“It is worth considering vaccination in order to avoid getting flu and related complications. The complications often have irreversible consequences," claims Professor Lidia Brydak, Head of the Department of the National Influenza Centre at the National Institute of Public Health.
The list of possible complications is very long, e.g. of a cardiological, neurological, nephrological, laryngological and gynaeological nature, as well as transplant rejection, etc. In elderly people the most frequent flu-related complication is post-influenza pneumonia, which often leads to death. In turn, small children often contract bronchiolitis as a result of flu.
Poles are reluctant to get flu vaccinations
According to data from the Department of Influenza Virus Research of the National Influenza Centre at the National Institute of Public Health – the National Institute of Hygiene, in the 2012-2013 epidemic season 3.75% of Poles got vaccinated against flu. Professor Brydak points out that also among healthcare professionals the percentage of vaccinated persons is very low, i.e. only 6%, which indicates that even in this group the knowledge of the risks and consequences of influenza is insufficient.
Among the groups particularly prone to influenza-related complications who should get vaccinated to avoid risk, Professor Brydak mentioned people with cardiovascular-system diseases, with other chronic diseases, with lowered immunity, pregnant women, small children and elderly people. “Flu vaccinations should be offered to all persons willing to get vaccinated," she added.
She also pointed out that for years many local-government bodies have funded flu vaccinations, e.g. for elderly people, within local health programmes. However, there is still little interest in such vaccinations. “Only from a few to 30-40% of the population take advantage of such programmes, and there are local communities in which around 3% get vaccinations within the programmes," Professor Brydak states.
Flu vccination does not cause the disease
In 2013 the National Programme for Combatting Influenza was created.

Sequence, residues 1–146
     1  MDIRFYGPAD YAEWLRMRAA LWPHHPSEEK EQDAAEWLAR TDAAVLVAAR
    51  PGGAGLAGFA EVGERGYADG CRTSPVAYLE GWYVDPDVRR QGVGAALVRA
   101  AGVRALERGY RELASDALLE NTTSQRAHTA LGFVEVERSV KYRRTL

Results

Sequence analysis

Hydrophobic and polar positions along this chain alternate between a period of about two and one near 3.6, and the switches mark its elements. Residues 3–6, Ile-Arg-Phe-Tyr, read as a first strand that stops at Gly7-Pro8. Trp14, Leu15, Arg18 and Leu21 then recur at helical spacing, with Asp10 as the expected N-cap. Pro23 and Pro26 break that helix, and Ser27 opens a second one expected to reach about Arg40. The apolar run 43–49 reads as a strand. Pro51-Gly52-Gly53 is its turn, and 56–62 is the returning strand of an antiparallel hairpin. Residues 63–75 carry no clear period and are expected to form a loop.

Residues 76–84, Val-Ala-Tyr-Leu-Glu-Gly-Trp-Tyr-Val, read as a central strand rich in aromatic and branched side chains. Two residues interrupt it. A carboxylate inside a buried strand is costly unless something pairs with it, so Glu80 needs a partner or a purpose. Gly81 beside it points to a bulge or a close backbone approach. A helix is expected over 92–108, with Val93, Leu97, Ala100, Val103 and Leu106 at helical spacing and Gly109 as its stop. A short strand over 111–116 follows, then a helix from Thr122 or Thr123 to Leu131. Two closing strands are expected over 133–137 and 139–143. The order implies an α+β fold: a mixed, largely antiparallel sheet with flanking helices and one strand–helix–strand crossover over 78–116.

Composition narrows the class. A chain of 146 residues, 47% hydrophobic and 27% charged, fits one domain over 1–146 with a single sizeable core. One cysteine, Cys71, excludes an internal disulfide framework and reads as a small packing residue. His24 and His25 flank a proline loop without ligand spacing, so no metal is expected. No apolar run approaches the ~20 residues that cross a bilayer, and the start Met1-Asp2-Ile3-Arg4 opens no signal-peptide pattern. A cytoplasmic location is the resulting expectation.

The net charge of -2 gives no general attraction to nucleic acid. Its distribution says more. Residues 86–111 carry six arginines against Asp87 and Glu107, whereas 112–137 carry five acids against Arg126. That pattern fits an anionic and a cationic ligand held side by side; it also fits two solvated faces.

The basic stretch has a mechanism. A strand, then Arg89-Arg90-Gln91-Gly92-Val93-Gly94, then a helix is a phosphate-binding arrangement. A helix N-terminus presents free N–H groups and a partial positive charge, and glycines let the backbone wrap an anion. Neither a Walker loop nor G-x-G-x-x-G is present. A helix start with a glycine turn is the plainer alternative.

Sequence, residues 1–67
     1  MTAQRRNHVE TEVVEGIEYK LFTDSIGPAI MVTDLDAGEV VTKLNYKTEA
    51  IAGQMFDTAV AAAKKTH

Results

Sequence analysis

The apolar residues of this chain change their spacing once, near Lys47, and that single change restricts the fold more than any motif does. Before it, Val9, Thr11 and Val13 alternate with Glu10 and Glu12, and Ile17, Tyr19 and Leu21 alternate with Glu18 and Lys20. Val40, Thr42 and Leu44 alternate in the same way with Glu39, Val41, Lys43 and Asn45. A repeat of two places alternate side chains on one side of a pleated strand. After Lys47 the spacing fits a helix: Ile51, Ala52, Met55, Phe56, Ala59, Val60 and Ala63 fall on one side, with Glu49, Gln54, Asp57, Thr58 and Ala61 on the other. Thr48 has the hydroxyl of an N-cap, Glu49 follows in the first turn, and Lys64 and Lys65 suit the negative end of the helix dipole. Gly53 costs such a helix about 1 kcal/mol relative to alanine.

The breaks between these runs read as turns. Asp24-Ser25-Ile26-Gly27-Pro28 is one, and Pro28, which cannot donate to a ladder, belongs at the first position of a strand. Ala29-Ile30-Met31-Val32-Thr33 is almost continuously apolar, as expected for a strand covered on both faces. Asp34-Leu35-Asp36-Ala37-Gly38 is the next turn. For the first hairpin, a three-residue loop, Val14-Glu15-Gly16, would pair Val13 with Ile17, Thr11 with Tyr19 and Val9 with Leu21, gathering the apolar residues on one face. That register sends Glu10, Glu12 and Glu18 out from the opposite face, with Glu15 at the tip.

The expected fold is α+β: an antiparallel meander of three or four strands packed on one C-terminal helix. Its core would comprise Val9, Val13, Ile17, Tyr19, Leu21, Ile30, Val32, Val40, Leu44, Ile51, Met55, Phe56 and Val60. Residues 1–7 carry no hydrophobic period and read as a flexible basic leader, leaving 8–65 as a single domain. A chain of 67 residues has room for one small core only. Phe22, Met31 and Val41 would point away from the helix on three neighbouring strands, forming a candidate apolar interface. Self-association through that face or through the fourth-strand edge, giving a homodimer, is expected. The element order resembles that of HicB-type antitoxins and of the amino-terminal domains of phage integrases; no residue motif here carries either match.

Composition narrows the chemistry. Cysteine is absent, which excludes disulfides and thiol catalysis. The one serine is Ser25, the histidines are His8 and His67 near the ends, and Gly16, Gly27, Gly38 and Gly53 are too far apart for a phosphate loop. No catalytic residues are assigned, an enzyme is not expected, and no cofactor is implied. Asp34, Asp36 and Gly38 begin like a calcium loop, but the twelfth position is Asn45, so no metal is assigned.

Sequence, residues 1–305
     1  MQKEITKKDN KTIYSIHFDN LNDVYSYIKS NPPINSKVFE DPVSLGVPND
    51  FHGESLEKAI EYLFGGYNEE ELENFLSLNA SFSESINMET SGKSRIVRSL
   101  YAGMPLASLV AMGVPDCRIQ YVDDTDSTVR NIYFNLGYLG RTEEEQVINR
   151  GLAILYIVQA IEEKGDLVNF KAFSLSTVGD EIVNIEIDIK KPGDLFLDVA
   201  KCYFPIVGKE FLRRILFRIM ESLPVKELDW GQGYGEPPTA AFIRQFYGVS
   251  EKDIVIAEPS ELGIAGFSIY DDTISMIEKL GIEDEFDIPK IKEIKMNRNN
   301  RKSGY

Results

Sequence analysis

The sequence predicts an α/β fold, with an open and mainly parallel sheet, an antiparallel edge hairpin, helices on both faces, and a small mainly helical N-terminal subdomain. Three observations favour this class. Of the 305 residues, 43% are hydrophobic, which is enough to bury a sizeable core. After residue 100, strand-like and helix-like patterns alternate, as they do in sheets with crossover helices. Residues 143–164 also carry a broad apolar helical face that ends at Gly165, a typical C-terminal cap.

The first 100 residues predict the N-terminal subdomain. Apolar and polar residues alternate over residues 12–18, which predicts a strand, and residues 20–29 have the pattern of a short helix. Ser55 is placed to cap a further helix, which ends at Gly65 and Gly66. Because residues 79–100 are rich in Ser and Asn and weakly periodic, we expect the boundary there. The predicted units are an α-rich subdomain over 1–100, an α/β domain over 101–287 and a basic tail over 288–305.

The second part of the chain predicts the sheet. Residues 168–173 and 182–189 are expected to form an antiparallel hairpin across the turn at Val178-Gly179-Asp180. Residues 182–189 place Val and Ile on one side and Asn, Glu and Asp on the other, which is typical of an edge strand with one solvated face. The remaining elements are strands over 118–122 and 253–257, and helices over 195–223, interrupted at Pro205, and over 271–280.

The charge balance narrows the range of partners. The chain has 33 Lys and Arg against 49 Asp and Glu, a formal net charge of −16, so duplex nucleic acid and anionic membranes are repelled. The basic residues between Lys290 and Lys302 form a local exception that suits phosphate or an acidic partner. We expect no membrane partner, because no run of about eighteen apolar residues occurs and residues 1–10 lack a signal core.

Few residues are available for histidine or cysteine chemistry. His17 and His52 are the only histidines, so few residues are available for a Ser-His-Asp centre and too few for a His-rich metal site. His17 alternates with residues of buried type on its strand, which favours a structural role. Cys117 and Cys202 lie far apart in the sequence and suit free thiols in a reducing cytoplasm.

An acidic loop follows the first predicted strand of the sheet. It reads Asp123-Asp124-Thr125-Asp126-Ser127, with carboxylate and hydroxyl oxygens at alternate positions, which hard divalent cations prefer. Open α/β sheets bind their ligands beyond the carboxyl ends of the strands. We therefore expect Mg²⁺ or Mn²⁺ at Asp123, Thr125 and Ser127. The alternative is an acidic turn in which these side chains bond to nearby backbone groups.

"Information on the issue is widely disseminated, but there are still some sceptics who dissuade people from getting vaccinated. Are these people going to pay for the treatment of those who did not get vaccinated and caught the flu?," Professor Brydak inquires.
In her opinion, the opponents of flu vaccinations spread the myth that there are cases when people get the flu due to vaccinations. However, as she further explains, the vaccination contains only a fraction of the virus, which is unable to cause the disease.
In the Professor’s opinion, flu is often confused with a cold. Influenza is a communicable disease caused by viruses which multiply in the epithelial cells of the respiratory system. Professor Brydak reminds us that its characteristic feature is the sudden occurrence of symptoms such as high fever, headache and muscle pain, shivers, and intense malaise.
How do you treat influenza?
As Professor Brydak explains, the current monitoring of disease incidence and examinations is enabling the administering of effective new-generation anti-flu medicatin, provided that diagnosis and tests are performed within 36-48 hours.
However, all the over-the-counter medicines only mitigate the symptoms of the disease, i.e. they lower the fever, but they won’t prevent the complications.
More information is available in the book by Professor Brydak “Pandemia grypy. Mit czy realne zagrożenie" (“The flu pandemics – a myth or a real threat?") In the publication issued in 2008 Professor Brydak recommended Poland’s approval of the National Programme for Combatting Influenza.